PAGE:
Sophia came by the cave as we were talking, and did not seem to understand why we were staying there rather than in the village. She was carrying some sort of jar and appeared to have acquired a pet blackbird. We chatted for a while about the village, which did have the temptation of a large library, she told us. She left us soon after and was later followed by Rachel, who also had a preference for a proper bed. I was tempted, but we had other things to discuss still.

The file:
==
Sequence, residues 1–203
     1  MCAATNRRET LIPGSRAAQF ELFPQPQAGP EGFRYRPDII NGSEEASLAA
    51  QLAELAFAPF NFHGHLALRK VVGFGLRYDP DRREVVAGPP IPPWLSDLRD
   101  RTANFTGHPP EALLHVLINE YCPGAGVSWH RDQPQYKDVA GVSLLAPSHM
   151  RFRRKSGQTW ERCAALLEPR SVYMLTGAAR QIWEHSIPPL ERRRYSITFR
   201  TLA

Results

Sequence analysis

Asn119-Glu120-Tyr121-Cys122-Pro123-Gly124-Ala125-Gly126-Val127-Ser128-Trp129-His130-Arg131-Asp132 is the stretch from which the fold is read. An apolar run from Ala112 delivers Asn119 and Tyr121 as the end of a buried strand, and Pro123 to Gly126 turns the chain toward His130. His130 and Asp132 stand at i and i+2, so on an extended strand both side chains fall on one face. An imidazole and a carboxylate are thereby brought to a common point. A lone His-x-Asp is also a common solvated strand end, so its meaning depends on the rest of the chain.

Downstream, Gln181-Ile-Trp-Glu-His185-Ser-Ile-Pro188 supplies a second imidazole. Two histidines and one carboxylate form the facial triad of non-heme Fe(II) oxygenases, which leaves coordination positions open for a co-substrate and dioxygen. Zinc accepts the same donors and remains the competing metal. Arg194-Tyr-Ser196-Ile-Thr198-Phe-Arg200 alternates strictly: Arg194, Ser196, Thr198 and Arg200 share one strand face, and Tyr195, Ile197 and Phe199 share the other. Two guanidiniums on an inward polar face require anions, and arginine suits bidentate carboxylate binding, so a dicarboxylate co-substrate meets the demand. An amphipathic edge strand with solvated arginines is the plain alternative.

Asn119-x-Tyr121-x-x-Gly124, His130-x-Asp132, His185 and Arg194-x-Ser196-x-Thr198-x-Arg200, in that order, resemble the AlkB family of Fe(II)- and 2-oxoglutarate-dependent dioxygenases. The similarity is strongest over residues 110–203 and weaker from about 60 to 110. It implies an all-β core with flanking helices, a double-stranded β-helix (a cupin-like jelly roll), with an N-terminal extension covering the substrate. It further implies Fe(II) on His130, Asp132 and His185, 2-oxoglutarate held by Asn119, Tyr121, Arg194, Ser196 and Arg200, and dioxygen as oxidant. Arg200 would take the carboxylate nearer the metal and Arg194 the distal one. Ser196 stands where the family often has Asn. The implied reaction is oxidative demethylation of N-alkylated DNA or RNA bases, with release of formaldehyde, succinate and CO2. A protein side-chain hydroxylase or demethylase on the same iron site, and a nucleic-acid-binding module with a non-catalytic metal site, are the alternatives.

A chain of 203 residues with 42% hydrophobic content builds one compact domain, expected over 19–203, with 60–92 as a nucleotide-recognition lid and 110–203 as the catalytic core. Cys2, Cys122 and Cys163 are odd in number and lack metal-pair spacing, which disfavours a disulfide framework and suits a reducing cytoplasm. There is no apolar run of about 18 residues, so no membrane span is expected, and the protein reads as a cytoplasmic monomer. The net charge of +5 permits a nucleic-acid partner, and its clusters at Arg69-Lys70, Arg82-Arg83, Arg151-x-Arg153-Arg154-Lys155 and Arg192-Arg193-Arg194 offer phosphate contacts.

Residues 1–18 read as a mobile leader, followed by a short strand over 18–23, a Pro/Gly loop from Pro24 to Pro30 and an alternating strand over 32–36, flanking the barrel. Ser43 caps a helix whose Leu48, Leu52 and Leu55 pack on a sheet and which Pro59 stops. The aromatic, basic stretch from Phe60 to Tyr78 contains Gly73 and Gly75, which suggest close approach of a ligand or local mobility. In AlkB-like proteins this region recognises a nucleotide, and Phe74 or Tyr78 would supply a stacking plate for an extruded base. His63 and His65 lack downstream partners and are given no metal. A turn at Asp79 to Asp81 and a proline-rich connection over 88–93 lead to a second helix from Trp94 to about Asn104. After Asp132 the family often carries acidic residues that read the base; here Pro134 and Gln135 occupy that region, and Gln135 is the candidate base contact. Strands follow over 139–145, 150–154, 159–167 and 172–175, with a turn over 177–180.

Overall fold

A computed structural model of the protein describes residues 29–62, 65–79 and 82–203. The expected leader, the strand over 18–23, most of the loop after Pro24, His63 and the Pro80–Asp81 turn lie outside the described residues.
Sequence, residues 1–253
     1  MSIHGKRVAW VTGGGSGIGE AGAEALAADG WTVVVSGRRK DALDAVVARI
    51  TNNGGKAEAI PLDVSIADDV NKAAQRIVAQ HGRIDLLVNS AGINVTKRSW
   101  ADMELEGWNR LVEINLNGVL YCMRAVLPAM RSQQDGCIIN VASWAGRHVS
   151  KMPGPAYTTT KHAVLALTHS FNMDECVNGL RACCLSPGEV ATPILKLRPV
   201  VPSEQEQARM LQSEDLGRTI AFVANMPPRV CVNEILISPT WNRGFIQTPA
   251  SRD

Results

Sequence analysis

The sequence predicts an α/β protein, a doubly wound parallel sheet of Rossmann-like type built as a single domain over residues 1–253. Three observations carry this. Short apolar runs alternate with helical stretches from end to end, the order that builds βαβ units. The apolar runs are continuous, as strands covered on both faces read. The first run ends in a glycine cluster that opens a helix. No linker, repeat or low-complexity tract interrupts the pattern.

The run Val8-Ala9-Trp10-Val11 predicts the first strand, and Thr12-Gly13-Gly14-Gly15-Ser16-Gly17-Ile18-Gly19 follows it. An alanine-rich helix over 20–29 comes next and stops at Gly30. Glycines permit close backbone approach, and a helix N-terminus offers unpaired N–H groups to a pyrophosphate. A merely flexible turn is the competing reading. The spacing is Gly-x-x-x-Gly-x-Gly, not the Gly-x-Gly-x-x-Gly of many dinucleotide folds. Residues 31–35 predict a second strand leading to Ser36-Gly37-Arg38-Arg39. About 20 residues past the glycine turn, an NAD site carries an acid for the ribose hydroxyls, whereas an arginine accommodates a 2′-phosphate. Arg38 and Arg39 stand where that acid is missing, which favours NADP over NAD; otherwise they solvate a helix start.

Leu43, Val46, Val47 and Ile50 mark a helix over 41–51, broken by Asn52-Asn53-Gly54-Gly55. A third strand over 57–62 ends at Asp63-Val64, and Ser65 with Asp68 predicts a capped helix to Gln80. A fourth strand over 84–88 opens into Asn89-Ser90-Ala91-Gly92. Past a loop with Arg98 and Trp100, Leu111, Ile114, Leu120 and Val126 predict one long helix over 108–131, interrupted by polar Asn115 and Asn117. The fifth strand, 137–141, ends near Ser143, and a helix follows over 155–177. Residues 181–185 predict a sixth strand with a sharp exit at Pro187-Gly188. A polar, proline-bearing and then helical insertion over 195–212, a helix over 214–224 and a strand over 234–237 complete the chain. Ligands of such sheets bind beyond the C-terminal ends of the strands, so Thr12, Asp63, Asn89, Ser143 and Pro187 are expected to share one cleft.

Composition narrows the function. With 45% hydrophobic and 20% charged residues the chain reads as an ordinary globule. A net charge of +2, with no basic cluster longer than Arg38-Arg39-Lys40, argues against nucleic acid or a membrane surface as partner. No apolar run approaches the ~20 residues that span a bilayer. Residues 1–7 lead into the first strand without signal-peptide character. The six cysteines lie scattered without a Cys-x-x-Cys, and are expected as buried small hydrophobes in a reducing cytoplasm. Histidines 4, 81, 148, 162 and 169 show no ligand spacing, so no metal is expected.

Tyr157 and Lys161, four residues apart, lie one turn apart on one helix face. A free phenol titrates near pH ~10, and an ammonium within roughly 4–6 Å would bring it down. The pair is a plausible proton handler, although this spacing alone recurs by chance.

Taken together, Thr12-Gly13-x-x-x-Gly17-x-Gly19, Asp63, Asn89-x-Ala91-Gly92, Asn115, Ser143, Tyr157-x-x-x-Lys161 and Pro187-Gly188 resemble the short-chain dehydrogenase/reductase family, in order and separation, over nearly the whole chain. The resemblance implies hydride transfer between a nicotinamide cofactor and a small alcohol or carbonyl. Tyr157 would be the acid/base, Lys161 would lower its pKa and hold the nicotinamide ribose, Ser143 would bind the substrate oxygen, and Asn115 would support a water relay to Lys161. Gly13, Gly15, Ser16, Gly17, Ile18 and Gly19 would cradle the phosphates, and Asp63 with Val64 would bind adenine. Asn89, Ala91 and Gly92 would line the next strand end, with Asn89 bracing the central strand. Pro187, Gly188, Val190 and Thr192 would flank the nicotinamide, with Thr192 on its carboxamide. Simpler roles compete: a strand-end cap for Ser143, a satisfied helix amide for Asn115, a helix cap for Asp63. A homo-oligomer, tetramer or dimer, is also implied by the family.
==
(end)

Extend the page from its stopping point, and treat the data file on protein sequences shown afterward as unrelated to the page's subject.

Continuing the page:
Gwyn questioned Aoibheann some more, which was a bit like getting blood out of a stone, if you’ll pardon the somewhat tasteless expression in this case. She was right to do so. Clearly her analytical mind was at work, making as sure as we could be that there were no loopholes before we launched our case. We eventually decided that the best route was to go through Valene. She had some relationship with Braeden and would most likely know how to reach his Queen, or give us appropriate advice as to how to proceed without involving the higher courts. Without other things to distract her, Aoibheann was sinking into one of her blacker moods again, going so far as to tell us to pass a message on to the Huntsman that she gives up. Gwyn gave her a good telling off for that and I repeated that we were the Tenacious Trinity and would not be defeated. Eventually we persuaded her, either that or she just agreed so that we would leave her alone. I think the mead was beginning to take its toll by now, as they had both consumed quite a bit, as had I, but to lesser effect. Gwyn wrote a note to Valene requesting advice on how to report Braeden to his queen and then went off to make sure Aoibheann was actually going to sleep. I promised I would join her once I had sent the message off to Valene. Royce came quickly when I called from the mouth of the cave and was soon despatched with the message. After that, I went back into the sithen, wanting nothing more than to curl up with my Gwyn and forget our troubles for a while.